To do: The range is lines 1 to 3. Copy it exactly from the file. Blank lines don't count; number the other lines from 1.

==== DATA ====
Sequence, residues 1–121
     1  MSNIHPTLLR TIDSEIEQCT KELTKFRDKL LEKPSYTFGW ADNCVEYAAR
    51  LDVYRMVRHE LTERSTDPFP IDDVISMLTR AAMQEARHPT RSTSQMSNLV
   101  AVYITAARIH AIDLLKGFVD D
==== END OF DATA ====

Sequence, residues 1–121
     1  MSNIHPTLLR TIDSEIEQCT KELTKFRDKL LEKPSYTFGW ADNCVEYAAR
    51  LDVYRMVRHE LTERSTDPFP IDDVISMLTR AAMQEARHPT RSTSQMSNLV